Slick Travel on Untreated Roadways Possible Thursday Evening

The latest North American Model (NAM) is out and we are now 48 hours away from our possible first inch of snow across the Washington DC Metropolitan Area.

While any deviation in temperatures or a slight change in track can change the forecast, I wanted my readers to have an idea of what we are seeing in the short-range models.

First up let’s look at the future cast from the latest NAM model beginning Thursday at 4pm (21z) Thursday and ending at 1am (06z) Friday.

  • Blue colors indicate snow breaking out across the Metropolitan Area during the tail end of the evening rush hour.


  • This still looks like a quick hitting event as the system is forecast to really buzz out to sea rather quickly, still grassy surfaces in areas that receive a short period of some steady light snow could pick up a dusting to an inch.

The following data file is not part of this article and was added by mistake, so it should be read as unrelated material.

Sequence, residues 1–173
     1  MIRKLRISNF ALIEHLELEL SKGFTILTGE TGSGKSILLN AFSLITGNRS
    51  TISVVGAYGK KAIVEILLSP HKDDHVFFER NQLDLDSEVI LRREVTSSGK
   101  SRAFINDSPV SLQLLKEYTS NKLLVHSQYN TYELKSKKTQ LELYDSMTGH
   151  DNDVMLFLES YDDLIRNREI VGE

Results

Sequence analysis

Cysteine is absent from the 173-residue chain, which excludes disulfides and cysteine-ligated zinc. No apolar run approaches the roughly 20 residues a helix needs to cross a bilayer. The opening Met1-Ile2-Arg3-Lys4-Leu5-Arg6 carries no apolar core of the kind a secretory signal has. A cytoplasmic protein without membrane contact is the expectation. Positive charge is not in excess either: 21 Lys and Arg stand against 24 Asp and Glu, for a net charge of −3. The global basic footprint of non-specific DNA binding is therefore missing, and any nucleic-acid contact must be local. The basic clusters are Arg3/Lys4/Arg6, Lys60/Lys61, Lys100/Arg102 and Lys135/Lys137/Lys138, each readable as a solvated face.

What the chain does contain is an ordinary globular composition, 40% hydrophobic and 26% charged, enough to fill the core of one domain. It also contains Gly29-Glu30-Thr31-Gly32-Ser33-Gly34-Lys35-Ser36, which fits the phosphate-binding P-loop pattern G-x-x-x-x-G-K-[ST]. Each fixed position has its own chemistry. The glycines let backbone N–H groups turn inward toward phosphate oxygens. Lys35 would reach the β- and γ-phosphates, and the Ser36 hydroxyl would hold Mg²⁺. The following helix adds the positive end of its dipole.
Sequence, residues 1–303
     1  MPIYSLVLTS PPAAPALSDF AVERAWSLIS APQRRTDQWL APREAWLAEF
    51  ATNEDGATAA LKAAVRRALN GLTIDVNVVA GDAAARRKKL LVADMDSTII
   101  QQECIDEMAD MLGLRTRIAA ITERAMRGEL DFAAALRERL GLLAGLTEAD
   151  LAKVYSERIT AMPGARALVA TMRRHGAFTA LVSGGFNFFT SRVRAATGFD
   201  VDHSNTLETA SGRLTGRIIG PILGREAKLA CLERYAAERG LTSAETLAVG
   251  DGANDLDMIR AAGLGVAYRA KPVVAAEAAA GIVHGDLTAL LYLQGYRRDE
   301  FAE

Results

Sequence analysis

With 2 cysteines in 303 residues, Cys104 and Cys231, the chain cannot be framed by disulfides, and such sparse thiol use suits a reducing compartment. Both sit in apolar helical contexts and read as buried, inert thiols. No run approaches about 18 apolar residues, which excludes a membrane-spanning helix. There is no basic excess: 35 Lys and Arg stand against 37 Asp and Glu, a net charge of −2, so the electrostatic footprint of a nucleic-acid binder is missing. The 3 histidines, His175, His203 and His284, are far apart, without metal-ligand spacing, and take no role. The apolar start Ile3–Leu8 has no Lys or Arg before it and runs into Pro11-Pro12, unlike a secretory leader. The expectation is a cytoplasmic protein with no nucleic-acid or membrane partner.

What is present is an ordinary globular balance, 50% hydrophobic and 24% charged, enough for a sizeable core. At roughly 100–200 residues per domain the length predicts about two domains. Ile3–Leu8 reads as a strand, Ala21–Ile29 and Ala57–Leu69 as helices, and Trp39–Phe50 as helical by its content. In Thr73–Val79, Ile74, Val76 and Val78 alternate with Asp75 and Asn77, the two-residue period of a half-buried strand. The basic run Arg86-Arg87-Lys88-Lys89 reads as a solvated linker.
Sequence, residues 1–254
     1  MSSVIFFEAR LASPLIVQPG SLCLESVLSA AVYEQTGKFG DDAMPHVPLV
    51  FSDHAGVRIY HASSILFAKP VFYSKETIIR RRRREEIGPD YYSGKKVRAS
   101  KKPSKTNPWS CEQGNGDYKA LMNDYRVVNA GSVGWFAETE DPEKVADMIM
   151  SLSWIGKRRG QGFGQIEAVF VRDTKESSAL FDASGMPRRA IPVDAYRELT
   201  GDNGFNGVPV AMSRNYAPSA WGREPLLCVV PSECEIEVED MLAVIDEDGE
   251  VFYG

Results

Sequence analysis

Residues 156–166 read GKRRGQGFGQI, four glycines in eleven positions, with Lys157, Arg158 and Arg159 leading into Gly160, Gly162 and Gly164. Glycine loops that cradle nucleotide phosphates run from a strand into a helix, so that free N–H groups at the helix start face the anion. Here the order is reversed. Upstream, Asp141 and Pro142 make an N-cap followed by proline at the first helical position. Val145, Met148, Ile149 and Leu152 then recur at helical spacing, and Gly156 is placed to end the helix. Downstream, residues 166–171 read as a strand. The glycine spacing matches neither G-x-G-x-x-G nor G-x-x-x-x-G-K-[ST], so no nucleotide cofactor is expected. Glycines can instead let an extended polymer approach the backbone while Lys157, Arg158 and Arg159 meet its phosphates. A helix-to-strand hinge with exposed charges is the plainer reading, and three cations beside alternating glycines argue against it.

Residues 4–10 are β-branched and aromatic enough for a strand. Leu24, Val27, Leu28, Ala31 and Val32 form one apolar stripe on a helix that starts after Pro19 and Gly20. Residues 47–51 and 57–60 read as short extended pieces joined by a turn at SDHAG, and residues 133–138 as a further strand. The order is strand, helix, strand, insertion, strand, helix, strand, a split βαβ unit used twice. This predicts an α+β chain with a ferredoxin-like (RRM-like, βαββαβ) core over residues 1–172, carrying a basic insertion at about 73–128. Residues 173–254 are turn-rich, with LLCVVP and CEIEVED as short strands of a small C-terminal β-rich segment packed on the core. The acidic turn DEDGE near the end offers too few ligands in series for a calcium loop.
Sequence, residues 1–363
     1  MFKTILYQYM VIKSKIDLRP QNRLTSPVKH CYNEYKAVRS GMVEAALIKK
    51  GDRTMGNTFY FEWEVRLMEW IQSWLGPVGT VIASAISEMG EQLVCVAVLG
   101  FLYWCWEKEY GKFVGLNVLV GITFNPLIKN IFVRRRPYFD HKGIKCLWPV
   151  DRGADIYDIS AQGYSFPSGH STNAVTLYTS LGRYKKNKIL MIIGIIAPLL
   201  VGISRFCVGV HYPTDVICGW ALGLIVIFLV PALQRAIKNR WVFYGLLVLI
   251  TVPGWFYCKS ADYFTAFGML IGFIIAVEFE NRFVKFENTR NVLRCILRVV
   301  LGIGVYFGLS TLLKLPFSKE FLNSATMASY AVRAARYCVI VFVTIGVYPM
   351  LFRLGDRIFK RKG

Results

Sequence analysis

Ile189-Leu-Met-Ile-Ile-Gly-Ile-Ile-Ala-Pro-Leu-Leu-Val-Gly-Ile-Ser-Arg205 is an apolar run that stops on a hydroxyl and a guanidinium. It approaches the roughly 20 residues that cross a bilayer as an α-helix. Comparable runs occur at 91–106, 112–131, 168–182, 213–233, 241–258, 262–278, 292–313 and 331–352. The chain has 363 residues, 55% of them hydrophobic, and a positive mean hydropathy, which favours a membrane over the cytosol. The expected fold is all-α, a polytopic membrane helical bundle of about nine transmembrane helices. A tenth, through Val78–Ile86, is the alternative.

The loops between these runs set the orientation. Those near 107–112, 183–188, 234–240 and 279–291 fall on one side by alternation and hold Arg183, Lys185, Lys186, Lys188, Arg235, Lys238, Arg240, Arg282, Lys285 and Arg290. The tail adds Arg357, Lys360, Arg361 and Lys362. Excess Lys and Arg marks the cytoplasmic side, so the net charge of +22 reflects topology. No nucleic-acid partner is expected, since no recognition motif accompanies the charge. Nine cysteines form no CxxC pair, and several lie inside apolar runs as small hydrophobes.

Same Model (NAM) showing Snowfall Accumulation potential (image courtesy WxBell) by 1am Friday:


Next up let’s look at the latest SREF (Short Range Ensemble Forecast) for DCA (National Airport)

  • The green line on the graph below shows the ensemble mean of 1/2″ of snow with the high end totals coming in at 1.5″


  • Generally speaking, one could deduce that locations that receieve several hours of steady snow with temperatures near the freezing mark could wind up with a solid inch of snow or possibly as much as 1.5″.


Temperatures right now look marginal (lower to middle 30s along the 95 corridor) but with temperature near freezing in the immediate western suburbs, any accumulation could cause slick travel conditions on untreated roadways.



One thought on “Slick Travel on Untreated Roadways Possible Thursday Evening

  1. I recall a couple of overachieving clipper systems 2-3 years back that produced a surprise 2-4″ of low water content snow in the DC area, so that is my hope!

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